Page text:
Karamo Brown, Queer Eye's culture guy, has been criticized for partnering with the Salvation Army and its effort to “Rescue Christmas” by providing food, shelter, and gifts for needy families.

In a video posted on social media, Brown enthusiastically poses as a Salvation Army bell ringer.

“So excited to help the @SalvationArmyUS #RescueChristmas this year!” Brown captioned the video on Twitter. “Due to the COVID-19 pandemic, the holidays will be harder on our most vulnerable neighbors. Donate through RescueChristmas.org to provide food, shelter, and presents under the tree for families in need!”

Commenters criticized Brown for partnering with the Salvation Army, with many calling the organization “anti-LGBTQ.”

The Salvation Army is a Christian church and an international charitable organization headquartered in Britain. It was founded in 1865.

On its U.S. website, the Salvation Army has a page dedicated to “LGBTQ Support.”

“We want to serve the most vulnerable during the Coronavirus COVID-19 pandemic,” the site states. “These are the people we care for, regardless of race, gender, sexual orientation, ethnicity, or gender orientation. Our hearts, services, and facilities are welcome to all.”

Despite such platitudes, the Salvation Army does not support same-sex marriage and has a long history of alleged discrimination against the LGBT community.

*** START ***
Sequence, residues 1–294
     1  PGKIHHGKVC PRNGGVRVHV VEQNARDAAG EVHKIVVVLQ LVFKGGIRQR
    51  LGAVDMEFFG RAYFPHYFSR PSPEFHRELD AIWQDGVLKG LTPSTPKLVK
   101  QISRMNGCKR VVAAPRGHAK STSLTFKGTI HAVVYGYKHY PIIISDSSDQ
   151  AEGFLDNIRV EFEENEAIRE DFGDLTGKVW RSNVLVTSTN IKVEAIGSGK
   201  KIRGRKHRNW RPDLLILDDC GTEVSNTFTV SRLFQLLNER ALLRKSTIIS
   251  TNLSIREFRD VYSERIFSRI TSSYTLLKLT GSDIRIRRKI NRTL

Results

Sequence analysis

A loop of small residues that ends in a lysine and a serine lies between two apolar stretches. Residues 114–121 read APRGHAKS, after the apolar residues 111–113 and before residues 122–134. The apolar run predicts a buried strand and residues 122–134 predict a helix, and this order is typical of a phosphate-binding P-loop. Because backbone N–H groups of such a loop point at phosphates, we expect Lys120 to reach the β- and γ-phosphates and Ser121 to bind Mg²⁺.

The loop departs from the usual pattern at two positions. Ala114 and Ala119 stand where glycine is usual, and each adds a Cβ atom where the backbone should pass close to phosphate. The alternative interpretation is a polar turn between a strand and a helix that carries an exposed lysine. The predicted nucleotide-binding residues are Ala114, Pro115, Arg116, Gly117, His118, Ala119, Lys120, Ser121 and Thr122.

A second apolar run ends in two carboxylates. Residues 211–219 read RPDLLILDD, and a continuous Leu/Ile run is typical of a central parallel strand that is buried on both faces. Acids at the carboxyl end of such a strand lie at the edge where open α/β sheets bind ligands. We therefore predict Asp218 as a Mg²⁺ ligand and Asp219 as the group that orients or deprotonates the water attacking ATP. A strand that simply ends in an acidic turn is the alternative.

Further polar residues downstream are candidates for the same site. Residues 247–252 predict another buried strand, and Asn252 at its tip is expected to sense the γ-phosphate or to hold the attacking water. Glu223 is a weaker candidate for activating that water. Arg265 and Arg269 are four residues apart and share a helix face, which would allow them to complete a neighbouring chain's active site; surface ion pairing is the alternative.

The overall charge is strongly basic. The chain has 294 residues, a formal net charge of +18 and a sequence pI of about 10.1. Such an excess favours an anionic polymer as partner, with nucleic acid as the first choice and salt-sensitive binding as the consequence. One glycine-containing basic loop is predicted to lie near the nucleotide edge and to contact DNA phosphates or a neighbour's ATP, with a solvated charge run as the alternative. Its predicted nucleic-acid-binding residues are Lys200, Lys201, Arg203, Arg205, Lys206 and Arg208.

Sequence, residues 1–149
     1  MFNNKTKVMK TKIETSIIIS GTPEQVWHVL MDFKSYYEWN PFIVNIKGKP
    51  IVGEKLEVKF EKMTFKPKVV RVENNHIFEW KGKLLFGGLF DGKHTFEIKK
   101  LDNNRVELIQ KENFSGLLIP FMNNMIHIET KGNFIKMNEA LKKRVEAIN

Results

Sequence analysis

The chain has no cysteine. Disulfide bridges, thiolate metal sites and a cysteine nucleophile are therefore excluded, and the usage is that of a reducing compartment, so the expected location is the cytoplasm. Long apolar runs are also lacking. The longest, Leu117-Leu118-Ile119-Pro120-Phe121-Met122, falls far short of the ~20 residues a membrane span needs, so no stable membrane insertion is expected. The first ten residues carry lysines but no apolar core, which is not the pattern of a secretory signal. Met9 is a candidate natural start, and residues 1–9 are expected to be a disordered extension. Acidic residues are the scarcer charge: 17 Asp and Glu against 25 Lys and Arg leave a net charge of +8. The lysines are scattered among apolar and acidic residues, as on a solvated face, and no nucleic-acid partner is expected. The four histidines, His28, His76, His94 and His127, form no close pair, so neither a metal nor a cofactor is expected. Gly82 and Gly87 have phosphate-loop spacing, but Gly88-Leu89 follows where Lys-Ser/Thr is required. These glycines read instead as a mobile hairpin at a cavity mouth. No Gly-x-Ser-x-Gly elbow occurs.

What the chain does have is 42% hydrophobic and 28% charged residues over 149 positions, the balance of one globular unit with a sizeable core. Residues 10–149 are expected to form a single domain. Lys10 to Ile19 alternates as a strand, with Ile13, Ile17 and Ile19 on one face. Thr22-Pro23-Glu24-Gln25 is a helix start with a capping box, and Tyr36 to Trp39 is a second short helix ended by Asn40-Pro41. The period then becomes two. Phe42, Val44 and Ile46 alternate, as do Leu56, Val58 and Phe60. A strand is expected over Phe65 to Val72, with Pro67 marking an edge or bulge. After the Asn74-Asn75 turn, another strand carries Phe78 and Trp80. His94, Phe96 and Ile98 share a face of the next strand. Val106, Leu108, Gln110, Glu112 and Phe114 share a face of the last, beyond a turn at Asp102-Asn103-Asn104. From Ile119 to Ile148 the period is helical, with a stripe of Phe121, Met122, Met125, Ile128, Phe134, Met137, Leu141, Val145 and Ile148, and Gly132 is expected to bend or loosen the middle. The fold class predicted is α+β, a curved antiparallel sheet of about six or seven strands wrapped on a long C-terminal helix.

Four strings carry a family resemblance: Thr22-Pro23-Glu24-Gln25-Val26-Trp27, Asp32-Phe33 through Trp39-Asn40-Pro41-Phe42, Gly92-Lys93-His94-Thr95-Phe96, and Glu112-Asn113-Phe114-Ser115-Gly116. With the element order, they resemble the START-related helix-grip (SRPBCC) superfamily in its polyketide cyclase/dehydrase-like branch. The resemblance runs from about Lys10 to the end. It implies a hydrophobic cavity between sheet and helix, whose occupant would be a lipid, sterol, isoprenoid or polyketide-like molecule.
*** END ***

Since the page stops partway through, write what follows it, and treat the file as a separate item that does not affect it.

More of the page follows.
In an interview with Vox conducted last year, Jacob Meister, board chair of the Civil Rights Agenda, a Chicago-based LGBT rights group, called on the group to be “affirming of all LGBTQ rights.”

“The Salvation Army speaks out of both sides of its mouth,” Meister said. “They'll deliver services to LGBTQ folks, but on the other side, they are very actively, as a religious organization, opposing marriage rights and a lot of other rights. Transgender issues have been one, particularly, that they have had problems with.”

In 2012, the charity made its most damaging comments, stating on its USA website that gay Christians should “embrace celibacy as a way of life.”

Appearing on Stephanie Miller's radio show, spokesman George Hood explained that the since-deleted statement was “a theological statement not meant for an external audience and it was creating a lot of confusion.”

While Hood insisted that the Salvation Army does not discriminate against the LGBT community, he also said that being gay was “a personal choice that people have the right to make. But from a church viewpoint, we see that going against the will of God.”

The following year, the Salvation Army was pressured to take down links on its website to “ex-gay” groups. Such groups offer therapies that attempt to alter the sexual orientation or gender identity of people who identify as LGBT.

During a virtual interview with PEOPLETV's Reality Check, Brown promoted his work with the Salvation Army, saying that it predates Queer Eye.

“This is something that I've been doing before I was in television, and so now it's just continuing on and letting people see it. For me, it's about continuing the message. Really making sure people know give, give, give,” Brown said. “Let's continue this on [after the holidays]. It's about coming to different shelters and helping to pass out food, dropping off food, dropping off resources. Spending time with people.”